April 01, 2014

Hey Baseball: Welcome to the 21st Century

It is often said that baseball is steeped in tradition. That’s true, and I love that about the sport, but it also creates problems when it comes to make improvements to the game. Some people see baseball as this holy embodiment of the American spirit, developed by our forefathers many generations ago and untouchable by mere mortals. The rules are almost as old as the constitution, and there’s no reason to make changes to the great American pastime. I believe this attitude is partly to blame for baseball lagging behind other major sports in making important rule changes.

In the NFL, for example, coaches have been able to challenge calls to an instant replay review since 1999. The NFL has also been tweaking the rules for decades, since the early nineties, to protect quarterbacks, kickers, defenseless wide receivers, and ball carriers that lose their helmets. Admittedly, protecting players from injury is a much more important issue in football, because it is a true heavy-contact sport.

The NBA began using instant replay to review calls in 2002. The MLB didn’t jump onboard until 2008, and even then it was in a small way, with only a few types of plays being reviewable. The argument in favor of instant replay has always been “Get the call right every time.” That’s always been hard for me to follow, considering you could only consult instant-replay on a handful of plays. Six years later, we finally have an expansive system for instant replay, and that line of thinking starts to make a little more sense.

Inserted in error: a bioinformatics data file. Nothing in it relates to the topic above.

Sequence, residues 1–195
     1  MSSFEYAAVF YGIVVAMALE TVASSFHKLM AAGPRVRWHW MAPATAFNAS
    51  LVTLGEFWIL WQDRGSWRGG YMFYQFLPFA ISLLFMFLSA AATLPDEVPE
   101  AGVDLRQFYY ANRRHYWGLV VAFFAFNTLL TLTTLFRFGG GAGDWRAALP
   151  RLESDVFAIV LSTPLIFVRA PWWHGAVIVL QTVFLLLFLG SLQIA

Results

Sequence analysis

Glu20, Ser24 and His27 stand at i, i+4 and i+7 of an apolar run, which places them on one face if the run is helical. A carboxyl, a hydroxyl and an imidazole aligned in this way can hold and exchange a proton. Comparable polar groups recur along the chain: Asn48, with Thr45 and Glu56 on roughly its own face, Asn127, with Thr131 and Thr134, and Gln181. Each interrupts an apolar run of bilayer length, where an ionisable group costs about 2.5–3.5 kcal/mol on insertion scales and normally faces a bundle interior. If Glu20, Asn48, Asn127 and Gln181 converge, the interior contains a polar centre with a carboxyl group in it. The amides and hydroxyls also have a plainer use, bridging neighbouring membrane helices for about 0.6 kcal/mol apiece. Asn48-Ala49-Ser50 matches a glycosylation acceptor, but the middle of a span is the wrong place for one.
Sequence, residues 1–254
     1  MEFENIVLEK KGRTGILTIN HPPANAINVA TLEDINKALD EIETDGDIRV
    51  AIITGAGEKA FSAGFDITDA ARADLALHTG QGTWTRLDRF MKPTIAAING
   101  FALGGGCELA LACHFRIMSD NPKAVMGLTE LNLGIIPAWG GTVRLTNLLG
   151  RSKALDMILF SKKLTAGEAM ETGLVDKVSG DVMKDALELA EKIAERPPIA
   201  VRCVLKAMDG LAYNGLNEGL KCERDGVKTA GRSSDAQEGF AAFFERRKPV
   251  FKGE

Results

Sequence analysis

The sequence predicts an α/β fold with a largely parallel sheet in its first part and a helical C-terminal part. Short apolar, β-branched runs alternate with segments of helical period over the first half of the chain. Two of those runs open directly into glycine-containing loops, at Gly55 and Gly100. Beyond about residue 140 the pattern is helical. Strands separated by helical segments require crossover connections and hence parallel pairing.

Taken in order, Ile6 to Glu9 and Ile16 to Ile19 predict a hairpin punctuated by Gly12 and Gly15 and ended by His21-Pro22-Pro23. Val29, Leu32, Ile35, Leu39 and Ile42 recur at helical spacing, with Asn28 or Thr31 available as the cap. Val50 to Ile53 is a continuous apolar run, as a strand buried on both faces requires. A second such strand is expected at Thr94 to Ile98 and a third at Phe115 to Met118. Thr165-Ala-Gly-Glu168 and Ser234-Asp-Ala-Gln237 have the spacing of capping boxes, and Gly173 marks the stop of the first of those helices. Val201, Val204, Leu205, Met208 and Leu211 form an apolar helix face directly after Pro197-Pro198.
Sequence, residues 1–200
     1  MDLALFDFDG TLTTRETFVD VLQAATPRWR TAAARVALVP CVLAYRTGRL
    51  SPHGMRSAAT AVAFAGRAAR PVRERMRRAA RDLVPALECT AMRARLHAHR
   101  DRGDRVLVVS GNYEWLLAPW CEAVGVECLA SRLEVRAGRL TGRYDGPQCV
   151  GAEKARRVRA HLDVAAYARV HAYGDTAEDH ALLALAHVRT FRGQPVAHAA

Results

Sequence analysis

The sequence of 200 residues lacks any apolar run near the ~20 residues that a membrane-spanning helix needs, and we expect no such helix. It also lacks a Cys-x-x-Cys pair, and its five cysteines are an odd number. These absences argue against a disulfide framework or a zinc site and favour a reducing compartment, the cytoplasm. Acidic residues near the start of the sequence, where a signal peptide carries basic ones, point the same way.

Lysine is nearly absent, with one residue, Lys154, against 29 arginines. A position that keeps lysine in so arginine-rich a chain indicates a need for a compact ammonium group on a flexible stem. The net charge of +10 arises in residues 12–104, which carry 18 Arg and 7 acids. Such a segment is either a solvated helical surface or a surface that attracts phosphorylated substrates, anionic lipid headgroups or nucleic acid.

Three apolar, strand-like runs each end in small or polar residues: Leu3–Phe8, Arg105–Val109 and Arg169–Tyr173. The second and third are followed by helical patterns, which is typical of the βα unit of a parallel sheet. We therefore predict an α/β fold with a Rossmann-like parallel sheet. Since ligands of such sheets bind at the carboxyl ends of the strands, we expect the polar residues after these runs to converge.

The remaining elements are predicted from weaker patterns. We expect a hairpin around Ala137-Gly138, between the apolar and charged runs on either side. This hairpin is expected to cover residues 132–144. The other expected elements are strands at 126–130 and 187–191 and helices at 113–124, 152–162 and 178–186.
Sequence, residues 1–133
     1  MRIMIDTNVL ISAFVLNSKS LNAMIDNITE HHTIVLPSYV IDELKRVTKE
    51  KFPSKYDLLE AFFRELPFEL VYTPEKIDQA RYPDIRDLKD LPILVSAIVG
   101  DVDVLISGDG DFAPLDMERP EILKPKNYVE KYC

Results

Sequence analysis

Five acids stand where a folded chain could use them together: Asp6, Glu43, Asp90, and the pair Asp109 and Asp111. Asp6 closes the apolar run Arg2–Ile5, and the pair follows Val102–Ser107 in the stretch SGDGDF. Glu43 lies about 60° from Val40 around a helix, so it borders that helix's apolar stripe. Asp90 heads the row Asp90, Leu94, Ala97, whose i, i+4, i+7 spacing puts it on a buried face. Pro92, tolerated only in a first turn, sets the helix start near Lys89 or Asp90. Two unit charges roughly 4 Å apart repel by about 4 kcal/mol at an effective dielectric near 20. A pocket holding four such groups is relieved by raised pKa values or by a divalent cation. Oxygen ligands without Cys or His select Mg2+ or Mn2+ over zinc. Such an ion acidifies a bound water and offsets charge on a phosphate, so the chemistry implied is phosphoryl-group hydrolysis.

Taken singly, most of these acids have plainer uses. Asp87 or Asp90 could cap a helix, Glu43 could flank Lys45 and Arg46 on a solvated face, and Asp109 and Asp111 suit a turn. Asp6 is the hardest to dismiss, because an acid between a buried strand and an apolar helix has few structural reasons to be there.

Like Fredi Gonzalez says at the start of this video, I haven’t always been a proponent of instant replay. In fact, I’ve spoken out against it. I still think it will make the game slower and suck some excitement out of the hairline calls. But if instant replay is going to be part of the game, it might as well apply to as many types of plays as possible.

And the league is being smart about employing this new technology. Every game will be monitored by an umpiring crew in the NYC headquarters, so when a challenge is made, there’s an umpire who has already seen the video footage who will be ready shortly to make a decision. (The awesome MLB replay room is like something out of a sci-fi movie and you should read more about it here.)

As for the new rules concerning collisions at home, it’s a step in the right direction, but only halfway there. It doesn’t fully ban collisions. A runner can still collide with the catcher and be called safe. In my opinion, home plate should be treated like any other base; catchers shouldn’t block the plate, and runners should slide rather than try to bowl over the catchers. If there’s not a ton of backlash in 2014, I expect MLB to rework this rule to ban collisions altogether.

In case you’re wondering, Gattis “liked the rule the way it was,” but how many runners are brave enough to tackle El Oso Blanco?

Whether or not you agree with the rule changes, you have to admit that they make baseball a much more modern game. In time, the new rules will be an afterthought at most. There was some resistance to mandatory batting helmets a few decades ago, but no one even notices those hunks of hard plastic anymore.

 

 

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